We know much of this already. The rise in precarious ‘gig’ work and low-paid, zero-hours contracts is a frequent topic of discussion among policymakers in London. The question of identity, however, tends to receive significantly less attention, presumably because it is a more nebulous concept. But when industry moves out to be replaced by  atomised and insecure work that is devoid of the institutional affiliations of the past it has a profound effect on the collective consciousness.

In Rugeley, as in many other working-class towns, identity – particularly male identity – was at one time  something that was forged by work, something that was shared. However the organisations through which a person could collectively organise have withered on the vine. Trade unions are bereft of members, while social clubs are shells of the institutions that once provided an opportunity for workers to self-educate and self-organise.

It can be difficult to grasp the scale of the change this represents unless you speak to the people that have lived through it. A culture has effectively disappeared. The new jobs lack the solidarity and social networks of the past. Yet the memory of a more cooperative past lingers, compounding the sense of present loss.

A culture has effectively disappeared. The new jobs lack the solidarity and social networks of the past

When I travelled to South Wales in 2017, I was told almost upon arrival that the old factories which once stood in towns like Ebbw Vale and Brynmawr had been like “extensions of your family”. These work-related networks were once modest outlets of democratic expression, allowing working people to act on the world– as opposed to simply being acted upon. By this I mean that there existed forums of working class democracy through which the individual and the group could interpret wider events – and more importantly, could exert a pressure of their own on their situation. The owner of a pit couldn’t simply cut your wages or lay you off arbitrarily, or else members of the union would walk out on strike. This feels a long way from companies such as Amazon and Sports Direct.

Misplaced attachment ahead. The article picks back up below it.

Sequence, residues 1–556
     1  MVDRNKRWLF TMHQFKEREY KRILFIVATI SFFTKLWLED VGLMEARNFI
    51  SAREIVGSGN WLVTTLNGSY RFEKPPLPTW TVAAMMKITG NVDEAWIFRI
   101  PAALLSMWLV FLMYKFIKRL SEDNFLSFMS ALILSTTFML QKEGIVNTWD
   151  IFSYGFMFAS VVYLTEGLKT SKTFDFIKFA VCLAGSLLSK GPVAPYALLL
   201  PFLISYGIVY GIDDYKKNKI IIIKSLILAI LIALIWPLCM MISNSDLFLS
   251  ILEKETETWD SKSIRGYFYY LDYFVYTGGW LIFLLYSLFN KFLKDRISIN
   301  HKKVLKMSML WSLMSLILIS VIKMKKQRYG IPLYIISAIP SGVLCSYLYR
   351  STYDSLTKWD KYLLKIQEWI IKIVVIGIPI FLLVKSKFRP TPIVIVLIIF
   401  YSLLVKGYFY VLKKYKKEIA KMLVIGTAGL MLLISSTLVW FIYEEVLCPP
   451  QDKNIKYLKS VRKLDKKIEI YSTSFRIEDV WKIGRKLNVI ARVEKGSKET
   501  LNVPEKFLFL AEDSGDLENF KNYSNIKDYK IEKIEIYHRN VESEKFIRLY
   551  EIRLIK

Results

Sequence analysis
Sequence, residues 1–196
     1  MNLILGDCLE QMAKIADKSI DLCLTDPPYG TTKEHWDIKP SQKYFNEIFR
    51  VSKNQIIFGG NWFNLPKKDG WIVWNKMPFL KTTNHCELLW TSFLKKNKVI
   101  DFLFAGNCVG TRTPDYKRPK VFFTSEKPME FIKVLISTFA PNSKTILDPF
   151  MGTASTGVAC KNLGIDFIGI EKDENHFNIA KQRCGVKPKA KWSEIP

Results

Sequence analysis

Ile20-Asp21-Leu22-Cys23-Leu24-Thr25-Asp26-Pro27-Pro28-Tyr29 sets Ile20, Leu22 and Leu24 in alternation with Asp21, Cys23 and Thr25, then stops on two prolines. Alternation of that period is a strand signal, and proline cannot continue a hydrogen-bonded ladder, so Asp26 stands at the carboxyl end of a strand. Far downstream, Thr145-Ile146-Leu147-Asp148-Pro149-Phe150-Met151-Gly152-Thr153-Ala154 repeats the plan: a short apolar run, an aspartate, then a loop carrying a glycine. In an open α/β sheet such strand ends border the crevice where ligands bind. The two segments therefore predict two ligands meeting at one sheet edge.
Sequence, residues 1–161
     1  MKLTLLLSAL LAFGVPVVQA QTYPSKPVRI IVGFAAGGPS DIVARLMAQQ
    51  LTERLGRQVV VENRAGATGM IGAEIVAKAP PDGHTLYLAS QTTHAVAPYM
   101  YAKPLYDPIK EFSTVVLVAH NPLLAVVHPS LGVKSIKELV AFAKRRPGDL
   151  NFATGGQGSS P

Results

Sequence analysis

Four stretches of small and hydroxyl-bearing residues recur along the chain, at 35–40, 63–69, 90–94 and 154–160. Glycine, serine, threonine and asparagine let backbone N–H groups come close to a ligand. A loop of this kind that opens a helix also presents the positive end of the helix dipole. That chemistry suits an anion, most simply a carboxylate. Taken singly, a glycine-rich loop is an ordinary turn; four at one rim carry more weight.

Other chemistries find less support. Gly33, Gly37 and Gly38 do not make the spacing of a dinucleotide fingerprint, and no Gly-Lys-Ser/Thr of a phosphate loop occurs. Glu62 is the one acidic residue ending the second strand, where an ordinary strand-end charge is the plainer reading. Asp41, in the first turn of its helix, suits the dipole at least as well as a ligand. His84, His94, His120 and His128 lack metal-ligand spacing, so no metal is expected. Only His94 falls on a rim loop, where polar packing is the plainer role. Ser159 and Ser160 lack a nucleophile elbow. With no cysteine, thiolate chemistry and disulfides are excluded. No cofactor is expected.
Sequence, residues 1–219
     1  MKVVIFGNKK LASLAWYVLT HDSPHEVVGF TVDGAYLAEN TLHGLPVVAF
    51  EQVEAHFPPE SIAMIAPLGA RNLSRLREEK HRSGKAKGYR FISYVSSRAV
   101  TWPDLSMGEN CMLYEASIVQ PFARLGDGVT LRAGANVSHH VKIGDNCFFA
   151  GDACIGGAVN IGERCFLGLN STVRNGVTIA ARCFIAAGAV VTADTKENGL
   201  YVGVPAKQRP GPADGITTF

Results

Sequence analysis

The disappearance of much of this – and the consequent atomisation of social and economic life – has produced a climate propitious to populism. The more chaotic and tumultuous that life appears to be, the easier it is for demagogic politicians to channel the resultant anger toward their own obsessions. The demagogue succeeds by pointing at the processes of globalisation – the forces that close the local factory, or which produce jobs that only Romanian migrants are willing to do – and proposes simple solutions. These are very often ugly, cynical and violent. It seems clear that we are some way down this path already.